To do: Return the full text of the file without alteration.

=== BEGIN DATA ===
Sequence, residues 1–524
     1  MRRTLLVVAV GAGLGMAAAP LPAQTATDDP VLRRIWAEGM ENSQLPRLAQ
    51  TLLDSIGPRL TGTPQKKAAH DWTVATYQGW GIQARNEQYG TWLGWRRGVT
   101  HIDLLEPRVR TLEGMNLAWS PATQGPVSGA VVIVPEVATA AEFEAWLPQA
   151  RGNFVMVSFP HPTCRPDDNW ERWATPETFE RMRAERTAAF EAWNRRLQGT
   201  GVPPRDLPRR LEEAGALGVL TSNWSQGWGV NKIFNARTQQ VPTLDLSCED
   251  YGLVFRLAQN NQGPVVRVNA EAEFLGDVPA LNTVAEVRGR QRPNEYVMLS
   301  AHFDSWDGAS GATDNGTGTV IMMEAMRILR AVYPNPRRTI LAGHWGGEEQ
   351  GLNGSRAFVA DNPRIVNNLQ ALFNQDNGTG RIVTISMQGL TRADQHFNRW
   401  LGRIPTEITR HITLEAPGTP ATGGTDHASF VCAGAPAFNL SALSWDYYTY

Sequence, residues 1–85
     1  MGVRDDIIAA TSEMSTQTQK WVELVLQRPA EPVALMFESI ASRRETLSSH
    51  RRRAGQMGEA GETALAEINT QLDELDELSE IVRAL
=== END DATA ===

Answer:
Sequence, residues 1–524
     1  MRRTLLVVAV GAGLGMAAAP LPAQTATDDP VLRRIWAEGM ENSQLPRLAQ
    51  TLLDSIGPRL TGTPQKKAAH DWTVATYQGW GIQARNEQYG TWLGWRRGVT
   101  HIDLLEPRVR TLEGMNLAWS PATQGPVSGA VVIVPEVATA AEFEAWLPQA
   151  RGNFVMVSFP HPTCRPDDNW ERWATPETFE RMRAERTAAF EAWNRRLQGT
   201  GVPPRDLPRR LEEAGALGVL TSNWSQGWGV NKIFNARTQQ VPTLDLSCED
   251  YGLVFRLAQN NQGPVVRVNA EAEFLGDVPA LNTVAEVRGR QRPNEYVMLS
   301  AHFDSWDGAS GATDNGTGTV IMMEAMRILR AVYPNPRRTI LAGHWGGEEQ
   351  GLNGSRAFVA DNPRIVNNLQ ALFNQDNGTG RIVTISMQGL TRADQHFNRW
   401  LGRIPTEITR HITLEAPGTP ATGGTDHASF VCAGAPAFNL SALSWDYYTY

Sequence, residues 1–85
     1  MGVRDDIIAA TSEMSTQTQK WVELVLQRPA EPVALMFESI ASRRETLSSH
    51  RRRAGQMGEA GETALAEINT QLDELDELSE IVRAL